Passionate lovers also express strong sexual desire for the beloved; yet their yearning for emotional union tends to overshadow their craving for sexual union with him or her (Tennov, 1979). Most characteristic, the lover thinks obsessively about the beloved (intrusive thinking). Besotted lovers may also compulsively follow, incessantly call, write or unexpectedly appear, all in an effort to be with their beloved day and night (Tennov, 1979; Lewis et al., 2000; Meloy and Fisher, 2005). Paramount to this experience is intense motivation to win him or her. All these behaviors are common to those with substance addictions. However, not everyone exhibits these types of behaviors after a breakup, just as not everyone who uses a substance exhibits dependency and withdrawal effects (e.g., Shiffman, 1989; Shiffman et al., 1995; Shiffman and Paty, 2006; Haney, 2009).
The Brain Systems Associated with Romantic Love
Neuroimaging studies of intense, passionate romantic love reveal the physiological underpinnings of this universal or near-universal human experience, and they all show activation of the VTA (Fisher et al., 2003, 2010; Bartels and Zeki, 2004; Aron et al., 2005; Ortigue et al., 2007; Zeki and Romaya, 2010; Acevedo et al., 2011; Xu et al., 2011). In our first experiment (Fisher et al., 2003; Aron et al., 2005), we used functional magnetic resonance imaging (fMRI) to study 10 women and 7 men who had recently fallen intensely and happily in love. All scored high on the Passionate Love Scale (Hatfield and Sprecher, 1986), a self-report questionnaire that measures the intensity of romantic feelings; all participants also reported that they spent more than 85% of their waking hours thinking of their beloved.
Participants alternately viewed a photograph of their sweetheart and a photograph of a familiar individual, interspersed with a distraction-attention task. Group activation occurred in several regions of the brain’s reward system, including the VTA and caudate nucleus (Fisher et al., 2003; Aron et al., 2005), regions associated with pleasure, general arousal, focused attention and motivation to pursue and acquire rewards and mediated primarily by dopamine system activity (Delgado et al., 2000; Schultz, 2000; Elliott et al., 2003). These regions of the reward system are directly associated with addiction in many studies of drugs of abuse (Breiter et al., 1997; Panksepp et al., 2002; Melis et al., 2005; Volkow et al., 2007; Frascella et al., 2010; Koob and Volkow, 2010; Diana, 2013) and behavioral addictions (see Cuzen and Stein, 2014).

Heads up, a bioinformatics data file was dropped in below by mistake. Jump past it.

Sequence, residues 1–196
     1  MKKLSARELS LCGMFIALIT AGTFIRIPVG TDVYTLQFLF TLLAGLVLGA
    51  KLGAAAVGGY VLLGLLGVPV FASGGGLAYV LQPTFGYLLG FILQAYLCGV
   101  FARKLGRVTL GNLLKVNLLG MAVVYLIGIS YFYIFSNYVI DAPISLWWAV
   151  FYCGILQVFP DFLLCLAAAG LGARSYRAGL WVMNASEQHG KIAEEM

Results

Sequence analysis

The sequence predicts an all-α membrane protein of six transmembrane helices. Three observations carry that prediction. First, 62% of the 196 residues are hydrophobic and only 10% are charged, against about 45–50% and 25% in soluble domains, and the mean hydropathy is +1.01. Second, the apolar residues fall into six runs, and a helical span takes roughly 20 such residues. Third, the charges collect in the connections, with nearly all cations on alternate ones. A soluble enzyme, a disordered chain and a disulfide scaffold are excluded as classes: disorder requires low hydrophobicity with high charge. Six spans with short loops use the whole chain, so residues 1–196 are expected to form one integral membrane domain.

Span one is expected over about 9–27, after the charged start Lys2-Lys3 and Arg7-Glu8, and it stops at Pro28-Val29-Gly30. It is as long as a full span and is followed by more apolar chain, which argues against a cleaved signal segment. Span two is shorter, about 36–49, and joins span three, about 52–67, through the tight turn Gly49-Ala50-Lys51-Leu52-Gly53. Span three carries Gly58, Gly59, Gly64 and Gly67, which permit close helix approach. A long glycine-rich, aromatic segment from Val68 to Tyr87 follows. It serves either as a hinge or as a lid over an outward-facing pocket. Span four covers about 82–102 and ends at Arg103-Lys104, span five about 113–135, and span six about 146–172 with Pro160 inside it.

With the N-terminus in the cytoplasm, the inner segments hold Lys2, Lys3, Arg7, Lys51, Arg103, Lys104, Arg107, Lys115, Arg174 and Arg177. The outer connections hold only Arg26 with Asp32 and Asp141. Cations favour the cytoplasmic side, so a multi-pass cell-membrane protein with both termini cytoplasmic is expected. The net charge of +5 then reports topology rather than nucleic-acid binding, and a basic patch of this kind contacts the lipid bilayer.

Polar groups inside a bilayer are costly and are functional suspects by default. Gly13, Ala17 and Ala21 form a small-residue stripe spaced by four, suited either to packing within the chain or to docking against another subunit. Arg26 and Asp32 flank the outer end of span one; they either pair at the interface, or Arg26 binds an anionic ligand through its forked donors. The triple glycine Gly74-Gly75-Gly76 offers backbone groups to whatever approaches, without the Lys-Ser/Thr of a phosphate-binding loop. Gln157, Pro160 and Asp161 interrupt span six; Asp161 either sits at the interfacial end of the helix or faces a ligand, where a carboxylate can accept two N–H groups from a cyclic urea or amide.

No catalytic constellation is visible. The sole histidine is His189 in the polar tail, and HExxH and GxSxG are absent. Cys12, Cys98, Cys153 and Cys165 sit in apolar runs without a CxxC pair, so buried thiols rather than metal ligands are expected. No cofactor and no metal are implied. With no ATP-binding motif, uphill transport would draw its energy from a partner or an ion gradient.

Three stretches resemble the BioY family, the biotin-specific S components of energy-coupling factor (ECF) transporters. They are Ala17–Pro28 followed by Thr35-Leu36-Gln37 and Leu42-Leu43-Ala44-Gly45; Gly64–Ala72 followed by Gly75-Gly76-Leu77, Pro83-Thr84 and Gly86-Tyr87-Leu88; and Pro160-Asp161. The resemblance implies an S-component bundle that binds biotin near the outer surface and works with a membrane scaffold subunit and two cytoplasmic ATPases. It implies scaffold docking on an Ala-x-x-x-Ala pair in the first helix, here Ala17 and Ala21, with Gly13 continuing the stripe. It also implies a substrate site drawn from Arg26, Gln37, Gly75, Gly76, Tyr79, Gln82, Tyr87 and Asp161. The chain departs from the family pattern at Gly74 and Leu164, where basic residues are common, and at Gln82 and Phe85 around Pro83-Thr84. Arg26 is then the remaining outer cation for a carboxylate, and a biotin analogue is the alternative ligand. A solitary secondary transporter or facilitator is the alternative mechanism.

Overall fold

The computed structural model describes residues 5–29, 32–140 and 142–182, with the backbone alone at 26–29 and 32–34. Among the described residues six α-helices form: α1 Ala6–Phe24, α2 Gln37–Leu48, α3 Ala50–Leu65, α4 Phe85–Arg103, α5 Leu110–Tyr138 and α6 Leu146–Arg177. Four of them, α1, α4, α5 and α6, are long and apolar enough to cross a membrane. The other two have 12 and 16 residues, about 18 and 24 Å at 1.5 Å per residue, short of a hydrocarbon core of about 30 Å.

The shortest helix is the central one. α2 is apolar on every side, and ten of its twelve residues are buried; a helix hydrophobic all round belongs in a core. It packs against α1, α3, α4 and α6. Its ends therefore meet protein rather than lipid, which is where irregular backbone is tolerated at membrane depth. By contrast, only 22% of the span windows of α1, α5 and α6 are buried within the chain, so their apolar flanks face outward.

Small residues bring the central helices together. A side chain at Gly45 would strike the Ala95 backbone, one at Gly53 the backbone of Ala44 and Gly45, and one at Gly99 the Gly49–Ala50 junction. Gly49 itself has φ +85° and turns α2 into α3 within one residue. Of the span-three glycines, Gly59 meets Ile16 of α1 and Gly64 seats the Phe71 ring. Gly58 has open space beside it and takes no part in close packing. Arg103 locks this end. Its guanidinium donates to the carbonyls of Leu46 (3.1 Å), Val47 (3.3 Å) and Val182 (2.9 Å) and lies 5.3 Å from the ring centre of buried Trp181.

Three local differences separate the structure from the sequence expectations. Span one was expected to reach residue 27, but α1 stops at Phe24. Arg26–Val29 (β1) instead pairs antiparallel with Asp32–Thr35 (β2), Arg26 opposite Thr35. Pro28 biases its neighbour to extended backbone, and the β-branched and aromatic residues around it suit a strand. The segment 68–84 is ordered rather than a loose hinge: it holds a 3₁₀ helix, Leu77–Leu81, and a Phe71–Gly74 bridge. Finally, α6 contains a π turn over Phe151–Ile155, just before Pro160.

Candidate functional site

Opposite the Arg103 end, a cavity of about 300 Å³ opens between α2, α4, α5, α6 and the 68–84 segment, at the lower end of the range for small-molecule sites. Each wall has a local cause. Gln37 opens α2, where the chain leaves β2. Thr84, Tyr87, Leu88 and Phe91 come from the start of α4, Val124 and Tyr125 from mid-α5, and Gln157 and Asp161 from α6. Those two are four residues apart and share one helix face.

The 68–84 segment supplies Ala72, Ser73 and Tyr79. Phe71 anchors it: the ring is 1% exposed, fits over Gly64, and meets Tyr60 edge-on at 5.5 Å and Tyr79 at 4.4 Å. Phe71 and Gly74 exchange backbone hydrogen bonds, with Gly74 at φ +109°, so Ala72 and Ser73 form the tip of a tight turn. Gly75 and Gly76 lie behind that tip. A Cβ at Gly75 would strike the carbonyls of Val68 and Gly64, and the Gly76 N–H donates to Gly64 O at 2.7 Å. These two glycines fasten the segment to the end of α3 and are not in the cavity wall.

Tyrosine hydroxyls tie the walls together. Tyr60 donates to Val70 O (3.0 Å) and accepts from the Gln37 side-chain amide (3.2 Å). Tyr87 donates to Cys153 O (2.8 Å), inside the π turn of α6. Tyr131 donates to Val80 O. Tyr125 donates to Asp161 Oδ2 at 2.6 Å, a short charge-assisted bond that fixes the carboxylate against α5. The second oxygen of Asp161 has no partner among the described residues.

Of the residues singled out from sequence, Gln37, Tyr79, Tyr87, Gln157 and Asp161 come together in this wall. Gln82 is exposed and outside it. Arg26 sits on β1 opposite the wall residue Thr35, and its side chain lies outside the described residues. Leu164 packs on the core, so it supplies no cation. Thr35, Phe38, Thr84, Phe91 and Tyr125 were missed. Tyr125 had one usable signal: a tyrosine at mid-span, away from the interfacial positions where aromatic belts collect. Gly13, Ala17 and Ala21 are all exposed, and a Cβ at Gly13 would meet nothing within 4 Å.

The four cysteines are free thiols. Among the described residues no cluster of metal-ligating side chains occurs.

These data from several studies indicate that individuals who are happily in the early stages of passionate love express activity in neural regions associated with drug and some behavioral addictions.
There is also a difference between “wanting” and “liking/pleasure” suggested by Berridge et al. (2009). As in substance addiction, “wanting” the romantic partner is different from “liking” a pretty face and finding pleasure in a beautiful sight. We found that brain activation to an attractive face (“liking”) was different from activation to the beloved partner (“wanting”): the former activated the left VTA, while the latter activated the right VTA (Aron et al., 2005). The result suggests the addictive aspects of romantic love are mediated through the right VTA, and that pleasure, or “liking” is different.
Addiction-Like Behaviors Associated with Romantic Rejection: Craving, Relapse and Destructive Behavior
Cross-culturally, few men or women avoid suffering from romantic rejection at some point across their lives. In one American college community, 93% of both sexes queried reported that they had been spurned by someone whom they passionately loved; 95% reported they had rejected someone who was deeply in love with them (Baumeister et al., 1993). Romantic rejection can cause a profound sense of loss and negative affect (although this is not always the case e.g., Lewandowski and Bizzoco, 2007). Like many addictions, romantic rejection can also jeopardize one’s health, because abandonment rage stresses the heart, raises blood pressure and suppresses the immune system (Dozier, 2002). It can also induce clinical depression, and in extreme cases lead to suicide and/or homicide. Some broken-hearted lovers even die from heart attacks or strokes caused by their depression (Rosenthal, 2002). The suite of negative phenomena associated with rejection in love, including protest, the stress response, frustration attraction, abandonment rage, and jealousy, in conjunction with craving and withdrawal symptoms, most likely also contribute to the high worldwide incidence of crimes of passion (see Meloy, 1998; Meloy and Fisher, 2005).